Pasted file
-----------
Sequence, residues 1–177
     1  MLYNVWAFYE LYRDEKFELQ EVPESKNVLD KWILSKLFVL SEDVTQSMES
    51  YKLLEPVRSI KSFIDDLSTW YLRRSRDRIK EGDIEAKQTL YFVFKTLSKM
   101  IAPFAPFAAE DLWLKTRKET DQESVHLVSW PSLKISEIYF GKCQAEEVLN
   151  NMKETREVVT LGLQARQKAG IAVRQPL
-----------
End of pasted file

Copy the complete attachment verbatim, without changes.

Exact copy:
Sequence, residues 1–177
     1  MLYNVWAFYE LYRDEKFELQ EVPESKNVLD KWILSKLFVL SEDVTQSMES
    51  YKLLEPVRSI KSFIDDLSTW YLRRSRDRIK EGDIEAKQTL YFVFKTLSKM
   101  IAPFAPFAAE DLWLKTRKET DQESVHLVSW PSLKISEIYF GKCQAEEVLN
   151  NMKETREVVT LGLQARQKAG IAVRQPL